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This article was published 2/9/2021 (261 days ago), so information in it may no longer be current.
BRIAN Pallister may be gone, but the person the now former premier appointed to the most influential position in Manitoba government is not.
David McLaughlin remains clerk of the executive council "for an indefinite period," according to his May 20, 2020, employment agreement. His appointment last year by a premier whose popularity later plummeted was seen as highly partisan, but that doesn’t mean he should soon follow Pallister out the door, one political expert says.
"The interim premier and the incoming new premier would be smart to ask him to stay on until the premiers’ conference is held (Oct. 5-7 in Winnipeg) and perhaps until the agenda for the fall session is finalized," Paul Thomas said Wednesday.
"McLaughlin is an intelligent, responsible individual who will likely see the need for some continuity at the centre of government during what will be a turbulent period," said the professor emeritus of political studies at the University of Manitoba.
"Knowing him a little, I suspect that he might offer his resignation but would be prepared to stay on during the transition."
McLaughlin, whose family is in Ottawa, commutes every few weeks to Manitoba. When he’s here, he works 16-hour days, according to Thomas, "and he is not paid a fortune, given the scope of his responsibilities."
McLaughlin’s basic annual salary is $177,026, plus an extra $30,000 a year in "special recognition pay" for performing the functions of clerk of the executive council and secretary to cabinet.
Whoever the Progressive Conservative party chooses Oct. 30 to replace caretaker Premier Kelvin Goertzen may want to appoint their own clerk, Thomas said.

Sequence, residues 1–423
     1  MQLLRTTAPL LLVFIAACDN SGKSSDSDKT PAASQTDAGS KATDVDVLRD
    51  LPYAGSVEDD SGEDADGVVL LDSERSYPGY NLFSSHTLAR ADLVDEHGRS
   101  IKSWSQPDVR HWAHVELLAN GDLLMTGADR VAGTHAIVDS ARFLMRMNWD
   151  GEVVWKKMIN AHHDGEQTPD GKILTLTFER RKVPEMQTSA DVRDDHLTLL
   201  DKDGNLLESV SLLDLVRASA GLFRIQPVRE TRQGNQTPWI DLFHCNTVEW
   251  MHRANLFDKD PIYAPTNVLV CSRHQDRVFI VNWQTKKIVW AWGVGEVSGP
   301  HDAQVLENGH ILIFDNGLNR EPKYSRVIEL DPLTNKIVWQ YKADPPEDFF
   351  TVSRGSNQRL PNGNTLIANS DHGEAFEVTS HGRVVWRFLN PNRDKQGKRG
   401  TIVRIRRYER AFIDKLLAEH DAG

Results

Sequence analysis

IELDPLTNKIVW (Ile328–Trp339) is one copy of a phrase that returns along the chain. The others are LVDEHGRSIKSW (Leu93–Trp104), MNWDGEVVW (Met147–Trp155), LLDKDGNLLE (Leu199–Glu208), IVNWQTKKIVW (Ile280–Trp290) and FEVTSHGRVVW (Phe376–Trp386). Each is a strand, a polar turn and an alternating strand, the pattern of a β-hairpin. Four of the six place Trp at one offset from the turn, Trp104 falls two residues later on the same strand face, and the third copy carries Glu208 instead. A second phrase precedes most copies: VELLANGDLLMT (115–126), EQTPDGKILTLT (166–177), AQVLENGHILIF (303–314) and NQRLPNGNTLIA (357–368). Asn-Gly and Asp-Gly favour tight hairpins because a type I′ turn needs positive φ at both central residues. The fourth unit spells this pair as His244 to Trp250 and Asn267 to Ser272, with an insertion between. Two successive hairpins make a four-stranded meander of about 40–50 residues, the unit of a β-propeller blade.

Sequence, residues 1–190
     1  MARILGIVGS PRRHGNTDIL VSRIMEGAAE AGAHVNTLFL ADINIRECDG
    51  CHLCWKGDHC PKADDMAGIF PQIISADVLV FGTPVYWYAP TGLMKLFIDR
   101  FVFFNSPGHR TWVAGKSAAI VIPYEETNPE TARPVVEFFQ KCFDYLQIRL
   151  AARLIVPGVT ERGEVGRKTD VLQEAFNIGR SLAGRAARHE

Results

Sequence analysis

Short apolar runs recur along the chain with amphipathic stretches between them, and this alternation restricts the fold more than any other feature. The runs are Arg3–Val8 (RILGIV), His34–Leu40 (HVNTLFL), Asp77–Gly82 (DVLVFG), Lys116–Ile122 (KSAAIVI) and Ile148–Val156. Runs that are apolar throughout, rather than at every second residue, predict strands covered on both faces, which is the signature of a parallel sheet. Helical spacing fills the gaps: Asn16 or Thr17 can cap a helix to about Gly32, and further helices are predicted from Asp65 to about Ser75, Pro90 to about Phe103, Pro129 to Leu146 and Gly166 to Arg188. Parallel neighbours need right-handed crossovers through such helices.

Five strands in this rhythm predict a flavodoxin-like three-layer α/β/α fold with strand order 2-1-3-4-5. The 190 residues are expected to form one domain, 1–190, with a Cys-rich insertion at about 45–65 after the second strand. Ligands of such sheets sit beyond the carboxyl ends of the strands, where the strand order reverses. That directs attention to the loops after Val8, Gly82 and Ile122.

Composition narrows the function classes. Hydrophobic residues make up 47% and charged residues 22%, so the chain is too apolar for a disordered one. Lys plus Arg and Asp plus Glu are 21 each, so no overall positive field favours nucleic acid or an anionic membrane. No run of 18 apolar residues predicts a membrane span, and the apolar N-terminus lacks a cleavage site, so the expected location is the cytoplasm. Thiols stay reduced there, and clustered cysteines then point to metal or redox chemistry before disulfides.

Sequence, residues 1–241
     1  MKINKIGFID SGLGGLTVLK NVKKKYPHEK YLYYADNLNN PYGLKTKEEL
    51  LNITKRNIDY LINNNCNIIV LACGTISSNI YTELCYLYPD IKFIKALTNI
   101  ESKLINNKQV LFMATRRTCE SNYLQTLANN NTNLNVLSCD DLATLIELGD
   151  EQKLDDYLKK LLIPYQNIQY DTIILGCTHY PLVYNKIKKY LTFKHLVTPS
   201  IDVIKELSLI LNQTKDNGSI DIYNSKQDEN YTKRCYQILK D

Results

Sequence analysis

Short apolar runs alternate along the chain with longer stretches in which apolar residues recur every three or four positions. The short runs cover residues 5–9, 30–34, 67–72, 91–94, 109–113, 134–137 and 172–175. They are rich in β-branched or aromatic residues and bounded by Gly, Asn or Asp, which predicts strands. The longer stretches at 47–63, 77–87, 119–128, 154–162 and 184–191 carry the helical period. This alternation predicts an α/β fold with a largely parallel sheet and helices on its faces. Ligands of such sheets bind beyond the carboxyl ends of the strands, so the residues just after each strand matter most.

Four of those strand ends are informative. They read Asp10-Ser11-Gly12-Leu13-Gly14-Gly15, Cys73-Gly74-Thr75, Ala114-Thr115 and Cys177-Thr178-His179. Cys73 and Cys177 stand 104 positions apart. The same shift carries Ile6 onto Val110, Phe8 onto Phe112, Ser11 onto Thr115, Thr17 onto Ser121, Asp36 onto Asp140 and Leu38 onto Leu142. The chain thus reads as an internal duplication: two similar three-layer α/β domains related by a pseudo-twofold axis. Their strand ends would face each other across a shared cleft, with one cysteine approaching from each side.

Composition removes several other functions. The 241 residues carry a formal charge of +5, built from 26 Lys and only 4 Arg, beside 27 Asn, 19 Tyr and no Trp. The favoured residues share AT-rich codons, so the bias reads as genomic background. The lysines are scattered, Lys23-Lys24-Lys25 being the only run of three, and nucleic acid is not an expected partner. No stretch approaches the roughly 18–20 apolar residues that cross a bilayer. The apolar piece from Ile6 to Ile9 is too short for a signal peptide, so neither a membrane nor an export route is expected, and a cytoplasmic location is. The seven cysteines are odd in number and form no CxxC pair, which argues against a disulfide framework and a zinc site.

"If we are talking about Heather Stefanson as the incoming premier, given her criticism of some of (Pallister’s) policy decisions and implicitly of his decision-making style, I think that she will want to have her own choice in the role of clerk."
In an interview Wednesday, Stefanson was noncommittal about such a scenario.
"Stay tuned," she said.
Choosing a clerk who is a member of the new premier’s team could be "risky," Thomas said.
"Rushing to install a close confidant would be risky in governing and political terms... Using a partisan clerk can provide a basis for greater trust and confidence in the crucial relationship with the premier."
Most Manitobans don’t know who occupies the position of clerk or their qualifications to do a good job. While clerks with partisan backgrounds are more likely to attract media attention and opposition criticism, Thomas said.
McLaughlin, who was Pallister’s campaign manager in the 2016 and 2019 provincial elections, before being appointed Manitoba’s chief bureaucrat in 2020, made headlines in December. He travelled out of province to see family in Ottawa and returned without being required to self-isolate for COVID-19 — at a time when the premier, cabinet and public health officials were pleading with Manitobans to avoid travel and stay home.
"Career public servants in the job try to avoid the political spotlight," Thomas said.
The clerk is the premier’s deputy minister, is in the room for all cabinet meetings and heads the public service.
"Holding all three jobs and being in a strategic location at the centre of the decision-making process means that he is potentially highly influential, both on matters of substance and process. His influence depends on the premier being willing to listen, and on the perception of others within government that he speaks for the premier," Thomas said.
McLaughlin did not respond to a request for comment Wednesday.
After 20 years of reporting on the growing diversity of people calling Manitoba home, Carol moved to the legislature bureau in early 2020.